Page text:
The Australian Communications and Media Authority has directed Business Class Telecom (BCT), a Melbourne-based telecommunications provider, to comply with the Telecommunications Consumer Protections (TCP) Code, after the ACMA found it had contravened consumer sales and customer transfers rules.
The ACMA’s investigation into BCT commenced in June 2014, drawing on earlier complaints made to the TIO, and found BCT had breached the TCP Code on multiple occasions in the period assessed.
The TCP Code sets out what a provider must do before transferring a customer’s service, including obtaining the customer’s consent. Consent, where the customer agrees to the transfer to the new provider, can be obtained only after the new provider has given sufficient information to allow the customer to make an informed choice.
‘It is essential that consumers be provided with clear and accurate information to allow informed consent,’ said ACMA Chairman, Chris Chapman. ‘Providers are on notice that poor customer transfer practices will not be tolerated.’
The ACMA investigation involved a comprehensive assessment of how BCT communicated with prospective customers. Among other breaches, the ACMA’s investigation found that BCT failed to ensure that:
- it had taken reasonable steps to gain consent on eight occasions
- the consumer was informed of the identity of the gaining supplier before initiating the transfer, again on eight occasions
- the consumer was made aware that they may have to pay a penalty or cancellation fee to their existing supplier on 27 occasions.
BCT has undertaken a number of changes to its operations since the contraventions occurred. The ACMA will look at the effects of these changes as part of its ongoing monitoring of customer sales and transfer practices.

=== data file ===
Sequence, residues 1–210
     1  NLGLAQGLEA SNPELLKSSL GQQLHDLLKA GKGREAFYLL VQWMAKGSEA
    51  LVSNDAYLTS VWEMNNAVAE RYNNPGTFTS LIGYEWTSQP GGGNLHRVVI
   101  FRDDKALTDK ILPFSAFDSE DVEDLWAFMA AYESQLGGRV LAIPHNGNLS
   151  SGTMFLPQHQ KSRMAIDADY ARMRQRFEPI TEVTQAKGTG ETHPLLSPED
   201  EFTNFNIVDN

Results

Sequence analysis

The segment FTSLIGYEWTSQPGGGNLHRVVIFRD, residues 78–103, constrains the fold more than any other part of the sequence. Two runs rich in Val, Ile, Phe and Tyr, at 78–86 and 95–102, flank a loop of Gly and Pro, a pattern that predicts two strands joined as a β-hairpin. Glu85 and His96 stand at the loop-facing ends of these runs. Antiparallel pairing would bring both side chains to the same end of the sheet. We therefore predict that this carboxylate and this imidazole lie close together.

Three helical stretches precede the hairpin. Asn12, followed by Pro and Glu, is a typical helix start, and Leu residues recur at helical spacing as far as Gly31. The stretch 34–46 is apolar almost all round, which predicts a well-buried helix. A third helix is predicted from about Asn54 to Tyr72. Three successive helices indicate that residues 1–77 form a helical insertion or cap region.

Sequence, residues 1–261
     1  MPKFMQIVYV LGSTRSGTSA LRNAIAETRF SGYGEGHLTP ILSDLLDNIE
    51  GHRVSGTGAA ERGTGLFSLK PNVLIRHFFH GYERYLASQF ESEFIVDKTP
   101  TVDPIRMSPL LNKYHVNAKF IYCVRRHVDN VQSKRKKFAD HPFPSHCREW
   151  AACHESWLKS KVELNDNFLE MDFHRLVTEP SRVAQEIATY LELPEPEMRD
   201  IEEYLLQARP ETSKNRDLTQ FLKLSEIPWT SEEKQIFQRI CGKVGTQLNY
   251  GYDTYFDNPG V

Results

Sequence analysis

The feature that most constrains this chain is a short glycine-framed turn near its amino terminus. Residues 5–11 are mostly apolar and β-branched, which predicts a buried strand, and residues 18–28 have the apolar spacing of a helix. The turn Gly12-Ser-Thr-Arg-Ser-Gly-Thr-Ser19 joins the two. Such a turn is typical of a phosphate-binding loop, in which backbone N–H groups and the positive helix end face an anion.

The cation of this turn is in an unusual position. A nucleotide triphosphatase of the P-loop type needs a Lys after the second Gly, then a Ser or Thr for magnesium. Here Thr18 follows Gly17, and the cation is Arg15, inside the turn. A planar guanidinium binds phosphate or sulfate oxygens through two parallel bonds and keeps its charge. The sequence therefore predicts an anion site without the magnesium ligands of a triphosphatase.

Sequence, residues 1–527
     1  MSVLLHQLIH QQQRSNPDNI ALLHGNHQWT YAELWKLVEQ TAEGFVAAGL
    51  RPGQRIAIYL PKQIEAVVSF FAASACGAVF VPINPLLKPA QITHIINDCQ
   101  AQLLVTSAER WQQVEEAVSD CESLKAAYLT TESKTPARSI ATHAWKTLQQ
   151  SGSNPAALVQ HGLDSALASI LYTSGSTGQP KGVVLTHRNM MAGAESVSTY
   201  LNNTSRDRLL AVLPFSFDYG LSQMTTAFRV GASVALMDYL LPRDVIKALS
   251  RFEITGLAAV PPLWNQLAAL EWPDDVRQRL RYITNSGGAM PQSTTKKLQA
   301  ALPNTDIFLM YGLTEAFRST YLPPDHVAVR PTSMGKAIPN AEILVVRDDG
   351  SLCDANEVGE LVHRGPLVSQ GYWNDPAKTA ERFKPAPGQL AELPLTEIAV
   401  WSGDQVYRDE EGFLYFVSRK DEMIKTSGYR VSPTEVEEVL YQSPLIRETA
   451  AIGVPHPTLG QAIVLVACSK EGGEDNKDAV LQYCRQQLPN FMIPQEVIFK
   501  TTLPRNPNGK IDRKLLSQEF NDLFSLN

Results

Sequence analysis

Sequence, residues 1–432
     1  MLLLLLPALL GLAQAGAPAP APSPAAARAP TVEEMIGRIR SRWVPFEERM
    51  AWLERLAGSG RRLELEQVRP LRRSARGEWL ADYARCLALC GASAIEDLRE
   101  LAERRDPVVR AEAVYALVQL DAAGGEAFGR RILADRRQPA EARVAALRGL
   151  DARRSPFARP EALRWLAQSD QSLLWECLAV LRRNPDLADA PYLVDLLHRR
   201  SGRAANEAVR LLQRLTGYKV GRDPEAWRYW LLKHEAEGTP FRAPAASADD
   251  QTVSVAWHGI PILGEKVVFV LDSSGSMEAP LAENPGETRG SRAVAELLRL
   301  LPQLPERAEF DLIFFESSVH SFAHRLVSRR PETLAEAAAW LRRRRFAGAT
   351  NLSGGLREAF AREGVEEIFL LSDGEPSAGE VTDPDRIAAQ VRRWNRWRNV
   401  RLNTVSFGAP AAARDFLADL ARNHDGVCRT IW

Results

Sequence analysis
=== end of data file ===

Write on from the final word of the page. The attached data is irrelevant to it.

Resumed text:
For more information or to arrange an interview, please contact: Blake Murdoch, on (02) 9334 7817, 0434 567 391 or email@example.com.
Media release 8/2015 - 17 February
Unauthorised transfer – what a consumer should do
If a consumer has been transferred to another provider without authorisation, the consumer should first contact that provider and lodge a complaint. The TCP Code requires providers to have a complaints handling process that is accessible, transparent and free of charge.
If a consumer is not satisfied with the way a provider has dealt with their complaint, the consumer may contact the Telecommunications Industry Ombudsman (TIO). The TIO scheme is a dispute resolution scheme for residential and small business customers established to provide free, independent resolution of complaints.
Further information about unauthorised transfers is available here.
The ACMA has been undertaking a multi-provider review of carriage service provider compliance with the transfer provisions of the TCP Code.
As part of the review, the ACMA examined records provided by BCT. This included assessing 27 authorisation recordings from the period 9 October to 4 December 2013 against the requirements of chapters 4 and 7 of the TCP Code. Those chapters deal with pre-sale information and customer transfer.
The ACMA’s powers
Where the ACMA finds a breach of the TCP Code, it can:
- agree with the telecommunications provider on steps the provider will take to remedy the breach or improve compliance
- give a formal warning, or
- give a direction to comply with the Code.
The ACMA is not able to impose a pecuniary penalty on the telecommunications provider for such breaches. However, if a telecommunications provider, which has been given a direction, breaches that direction (for example, by contravening the TCP Code again), the ACMA can commence proceedings in the Federal Court seeking a pecuniary penalty.
Since the TCP Code was registered in September 2012, the ACMA has:
- issued 152 formal warnings
- given 25 directions to comply.